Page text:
At the Money20/20 Europe conference in Amsterdam Monday, fintech firms positioned themselves as attractive partners, and possible takeover targets, for industry giants vying for a slice of the trillion-dollar global payments market.
"Big tech has always been a very strong contender to actually come in and own parts of the financial services chain," said Rishi Khosla, co-founder and CEO of OakNorth, a U.K.-based digital bank that reached a $2.8 billion valuation earlier this year. Khosla added OakNorth is "in dialogue" with some tech companies over potential partnerships but wouldn't specify which ones by name.
In March, Apple unveiled its own credit card in combination with Goldman Sachs and Mastercard. Then in April, Uber secured a $500 million investment from PayPal ahead of its IPO (initial public offering). Meanwhile, Facebook is reportedly looking for partners to help develop its own cryptocurrency.
Fintech CEOs told CNBC in Amsterdam that big tech firms are well-positioned to win over users thanks to their already-massive platforms. But that alone won't guarantee their success in payments or banking, they added.
"We believe in the future whether it's the bank of Facebook, bank of Amazon, bank of Google, they're going to need to leverage that existing infrastructure," said Jason Gardner, CEO of Marqeta, a U.S.-based payments processor. "To go out and sort of replace that themselves would be incredibly difficult."
Gardner said Marqeta, which reached a $2 billion valuation last month, thinks of itself as the "engine room" by providing the "plumbing" for tech companies like Instacart and Square to process payments. He pointed to a wave of deals that have already taken place this year among payment firms, thanks to disruption from new fintech players. Last week, Global Payments and Total System Services agreed to a multi-billion dollar merger. In March, fintech group Fidelity National Information Services announced plans to buy Worldpay for roughly $35 billion.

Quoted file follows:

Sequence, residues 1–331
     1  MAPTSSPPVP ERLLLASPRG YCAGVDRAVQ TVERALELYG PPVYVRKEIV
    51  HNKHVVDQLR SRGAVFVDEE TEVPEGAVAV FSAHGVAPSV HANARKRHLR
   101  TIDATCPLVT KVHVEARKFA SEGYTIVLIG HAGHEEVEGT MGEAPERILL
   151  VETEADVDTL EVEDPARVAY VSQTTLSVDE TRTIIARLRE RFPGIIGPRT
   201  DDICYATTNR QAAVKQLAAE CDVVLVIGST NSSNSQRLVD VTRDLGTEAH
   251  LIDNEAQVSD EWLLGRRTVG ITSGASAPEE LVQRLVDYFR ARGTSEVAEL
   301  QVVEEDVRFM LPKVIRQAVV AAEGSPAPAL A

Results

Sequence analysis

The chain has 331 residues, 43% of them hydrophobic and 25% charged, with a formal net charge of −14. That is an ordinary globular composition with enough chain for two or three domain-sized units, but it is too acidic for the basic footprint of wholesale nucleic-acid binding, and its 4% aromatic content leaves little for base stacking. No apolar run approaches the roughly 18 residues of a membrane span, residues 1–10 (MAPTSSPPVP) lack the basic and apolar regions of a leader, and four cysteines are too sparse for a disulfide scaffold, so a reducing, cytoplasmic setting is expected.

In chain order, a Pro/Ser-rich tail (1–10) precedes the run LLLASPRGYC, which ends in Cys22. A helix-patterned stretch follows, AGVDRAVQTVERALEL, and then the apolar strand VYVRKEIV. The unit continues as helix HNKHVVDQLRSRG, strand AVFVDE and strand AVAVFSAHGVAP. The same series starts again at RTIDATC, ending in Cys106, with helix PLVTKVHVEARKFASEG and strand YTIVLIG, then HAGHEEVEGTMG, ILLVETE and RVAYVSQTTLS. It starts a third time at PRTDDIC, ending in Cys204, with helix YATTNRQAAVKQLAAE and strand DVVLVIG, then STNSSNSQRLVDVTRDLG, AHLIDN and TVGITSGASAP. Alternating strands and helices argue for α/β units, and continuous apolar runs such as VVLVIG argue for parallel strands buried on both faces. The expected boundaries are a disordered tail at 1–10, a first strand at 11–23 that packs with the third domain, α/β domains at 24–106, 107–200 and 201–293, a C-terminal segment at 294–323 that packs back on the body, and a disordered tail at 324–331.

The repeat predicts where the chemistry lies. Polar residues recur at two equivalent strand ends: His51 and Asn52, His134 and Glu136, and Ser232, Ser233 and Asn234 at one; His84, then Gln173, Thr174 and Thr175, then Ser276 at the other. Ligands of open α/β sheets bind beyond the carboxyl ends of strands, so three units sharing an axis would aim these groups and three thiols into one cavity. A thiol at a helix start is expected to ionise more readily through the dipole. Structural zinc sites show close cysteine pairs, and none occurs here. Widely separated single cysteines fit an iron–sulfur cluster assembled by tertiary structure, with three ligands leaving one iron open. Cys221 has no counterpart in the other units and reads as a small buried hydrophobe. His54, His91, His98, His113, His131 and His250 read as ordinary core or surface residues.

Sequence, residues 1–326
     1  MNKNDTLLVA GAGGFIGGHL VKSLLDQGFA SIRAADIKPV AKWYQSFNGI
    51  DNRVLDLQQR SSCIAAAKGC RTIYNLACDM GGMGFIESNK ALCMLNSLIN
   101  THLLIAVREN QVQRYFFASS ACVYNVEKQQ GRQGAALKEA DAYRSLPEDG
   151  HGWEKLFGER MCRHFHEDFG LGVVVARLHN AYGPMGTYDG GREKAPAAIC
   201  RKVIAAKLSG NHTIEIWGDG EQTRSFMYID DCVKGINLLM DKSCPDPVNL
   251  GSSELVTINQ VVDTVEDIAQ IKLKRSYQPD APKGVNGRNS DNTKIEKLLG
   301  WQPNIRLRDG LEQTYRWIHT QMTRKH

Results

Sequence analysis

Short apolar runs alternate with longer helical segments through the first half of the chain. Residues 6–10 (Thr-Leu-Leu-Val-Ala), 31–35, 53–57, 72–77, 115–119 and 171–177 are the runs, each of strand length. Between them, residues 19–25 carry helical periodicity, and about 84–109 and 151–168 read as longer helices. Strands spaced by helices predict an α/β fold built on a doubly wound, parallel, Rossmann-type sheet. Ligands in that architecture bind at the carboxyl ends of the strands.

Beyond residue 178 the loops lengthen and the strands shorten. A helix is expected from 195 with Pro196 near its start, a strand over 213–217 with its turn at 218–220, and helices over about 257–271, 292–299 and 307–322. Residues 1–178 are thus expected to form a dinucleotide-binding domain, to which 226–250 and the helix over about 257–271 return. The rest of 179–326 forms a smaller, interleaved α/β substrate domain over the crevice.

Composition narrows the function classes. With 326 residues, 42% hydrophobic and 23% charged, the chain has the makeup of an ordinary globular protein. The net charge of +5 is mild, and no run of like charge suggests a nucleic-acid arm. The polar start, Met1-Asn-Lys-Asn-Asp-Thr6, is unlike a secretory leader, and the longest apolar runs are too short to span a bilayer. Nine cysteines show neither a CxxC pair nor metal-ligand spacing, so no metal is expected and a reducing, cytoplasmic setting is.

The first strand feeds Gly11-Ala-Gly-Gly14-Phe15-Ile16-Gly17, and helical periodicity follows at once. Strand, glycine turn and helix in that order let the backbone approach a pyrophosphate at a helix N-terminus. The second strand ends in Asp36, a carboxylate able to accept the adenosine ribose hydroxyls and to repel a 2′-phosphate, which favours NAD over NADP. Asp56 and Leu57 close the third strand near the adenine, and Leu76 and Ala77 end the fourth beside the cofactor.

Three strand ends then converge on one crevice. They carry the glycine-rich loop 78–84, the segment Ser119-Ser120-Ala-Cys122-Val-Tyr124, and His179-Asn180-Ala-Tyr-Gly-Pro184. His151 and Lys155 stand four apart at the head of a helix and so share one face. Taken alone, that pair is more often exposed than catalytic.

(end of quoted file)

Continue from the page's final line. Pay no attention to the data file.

Some CEOs said they expect more consolidation as tech companies move into the sector. Michael Kent, CEO of U.K. payments start-up Azimo, said his company is "frequently approached" by companies looking to build out their payment capabilities.
"Particularly in payments, scale matters," he said. "I think that will have a massive trickle-down effect towards the whole payments sector."
Kent said there is, however, a threat that big tech companies could choose instead to develop all of the technology in-house.
"They could do all of this stuff themselves. They've got the networks. They've got the customer base to do it. But I think for the next four or five years as they start to turn the wheels on what is probably the most exciting sector globally you'll see a lot of partnership news come out," he said.